ANSWER____: We meant to refer to the fact that all published examples of the emergence of multicellularity from unicellular ancestors have been accompanied by an increased sedimentation rate. Active swimming alone would just increase the diffusion rate of cells and not counteract the effects of increased size and density; such an active mechanism would also require directionality away from the tendency to sediment. A more passive mechanism, whereby a genetic variant, or cell cycle transition, which simultaneously causes a relative decrease in density while increasing cell size, leaving the net sedimentation rate the same as the ancestor, while conceivable, has not been observed in the literature. We changed the text from “invariably” to “frequently” at line 80 to emphasize how this is an empirical observation.

    Line 164 - the precise phenotype in the evolution experiment being referred to is unclear without further context, with the ordering of paragraphs possibly needing a little work.

    ANSWER____: We tightened the paragraphs and merged both, the sentence containing “this phenotype” was removed.

    Line 178 - is sorting them into three classes informative? Are there different mutations associated with these, or is it just visual clumping on the numberline? Perhaps not a useful classification, but the existence of great variation is an important point to get across. A more useful classification might be those that increase sedimentation with large density changes versus exclusively by clumping.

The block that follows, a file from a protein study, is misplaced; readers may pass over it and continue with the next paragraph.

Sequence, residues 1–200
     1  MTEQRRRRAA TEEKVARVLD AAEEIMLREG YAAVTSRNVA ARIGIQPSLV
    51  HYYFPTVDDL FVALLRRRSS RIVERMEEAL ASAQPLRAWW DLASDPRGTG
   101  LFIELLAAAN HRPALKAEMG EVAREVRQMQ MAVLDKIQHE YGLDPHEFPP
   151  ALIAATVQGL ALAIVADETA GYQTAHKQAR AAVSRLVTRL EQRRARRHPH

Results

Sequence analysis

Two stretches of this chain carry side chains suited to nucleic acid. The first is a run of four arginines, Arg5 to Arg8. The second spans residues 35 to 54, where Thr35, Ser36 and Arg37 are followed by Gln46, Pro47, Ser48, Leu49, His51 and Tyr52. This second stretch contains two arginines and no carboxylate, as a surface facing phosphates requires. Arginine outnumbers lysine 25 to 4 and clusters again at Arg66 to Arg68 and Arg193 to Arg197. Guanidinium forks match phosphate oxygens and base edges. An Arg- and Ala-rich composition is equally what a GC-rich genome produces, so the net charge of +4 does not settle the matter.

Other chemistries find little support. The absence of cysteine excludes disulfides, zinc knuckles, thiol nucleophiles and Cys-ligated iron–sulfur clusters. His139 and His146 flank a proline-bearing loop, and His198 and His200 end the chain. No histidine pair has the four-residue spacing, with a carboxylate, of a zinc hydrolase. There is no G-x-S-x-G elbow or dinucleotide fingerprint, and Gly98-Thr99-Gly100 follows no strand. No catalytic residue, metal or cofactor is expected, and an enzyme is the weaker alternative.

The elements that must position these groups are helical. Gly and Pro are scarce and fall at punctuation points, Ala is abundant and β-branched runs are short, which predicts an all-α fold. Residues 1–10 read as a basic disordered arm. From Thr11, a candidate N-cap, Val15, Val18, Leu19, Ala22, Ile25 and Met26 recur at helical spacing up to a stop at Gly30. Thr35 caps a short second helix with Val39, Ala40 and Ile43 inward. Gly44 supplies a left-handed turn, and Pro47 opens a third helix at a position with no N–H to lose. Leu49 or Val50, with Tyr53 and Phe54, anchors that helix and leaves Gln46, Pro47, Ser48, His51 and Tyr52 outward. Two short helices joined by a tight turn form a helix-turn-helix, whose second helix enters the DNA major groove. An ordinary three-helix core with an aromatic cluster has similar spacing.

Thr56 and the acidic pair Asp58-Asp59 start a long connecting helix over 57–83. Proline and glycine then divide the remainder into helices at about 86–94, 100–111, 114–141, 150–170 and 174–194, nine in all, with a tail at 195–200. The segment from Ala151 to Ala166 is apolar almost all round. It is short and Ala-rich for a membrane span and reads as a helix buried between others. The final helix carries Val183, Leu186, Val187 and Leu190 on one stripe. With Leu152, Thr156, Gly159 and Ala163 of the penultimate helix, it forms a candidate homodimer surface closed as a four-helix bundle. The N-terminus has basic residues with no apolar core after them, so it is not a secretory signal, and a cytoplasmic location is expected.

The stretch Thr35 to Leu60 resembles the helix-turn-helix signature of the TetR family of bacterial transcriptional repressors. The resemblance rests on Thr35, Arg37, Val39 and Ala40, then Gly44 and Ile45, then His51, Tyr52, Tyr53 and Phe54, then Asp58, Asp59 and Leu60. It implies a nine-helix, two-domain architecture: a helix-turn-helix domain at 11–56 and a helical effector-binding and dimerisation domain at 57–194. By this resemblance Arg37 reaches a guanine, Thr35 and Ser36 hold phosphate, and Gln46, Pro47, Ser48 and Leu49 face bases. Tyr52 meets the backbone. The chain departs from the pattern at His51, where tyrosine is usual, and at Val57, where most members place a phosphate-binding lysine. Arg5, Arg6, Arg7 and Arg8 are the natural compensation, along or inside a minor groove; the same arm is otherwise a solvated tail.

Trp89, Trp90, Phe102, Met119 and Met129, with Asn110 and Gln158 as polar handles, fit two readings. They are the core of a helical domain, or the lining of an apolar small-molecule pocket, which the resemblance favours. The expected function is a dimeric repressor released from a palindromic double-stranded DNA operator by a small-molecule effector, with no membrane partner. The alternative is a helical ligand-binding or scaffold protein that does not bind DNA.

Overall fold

ANSWER____: We agree with this argument and ultimately decided to remove the visual classification. We revised the text and figures accordingly.

    Line 254 - excess cellular density is referred to interchangeably with density, when these are very different figures. This continues in line 269, and in the figure legends of Figure 4.

    ANSWER____: We fixed this.

    Line 341 - the rule of RCC1 homolog in other organisms could be expanded on in slightly more detail. Similarly, other mutations in this same section known to affect cytokinesis could have potential mechanisms for affecting clumping commented upon, especially given the cell membrane results in the figures.

    ANSWER____: We share the reviewer’s enthusiasm about some of these mutations. We, however, try to be very conservative about what each gene or protein could be doing. Indeed, the absence of genetic tools does not allow us to directly test the effect of each mutation. We added a couple of extra sentences about RCC1 as well as about cytokinetic proteins and their potential role in clumping phenotypes.

    Line 387 - awkward formatting or sentence structure, with dashes and commas.

    ANSWER____: We fixed the sentence structure.

    Line 395 - this cellular process, or this evolutionary process of selection for faster settling?

    ANSWER____: We revised this appropriately.

    Line 408 - per unit volume

    ANSWER____: Fixed.

    Line 425 - the idea of clumpiness as ancestral is quickly put forward and dismissed within a single sentence. This could be explored in slightly more detail as an option, before concluding that what is clear is that the phenotype is easy to change.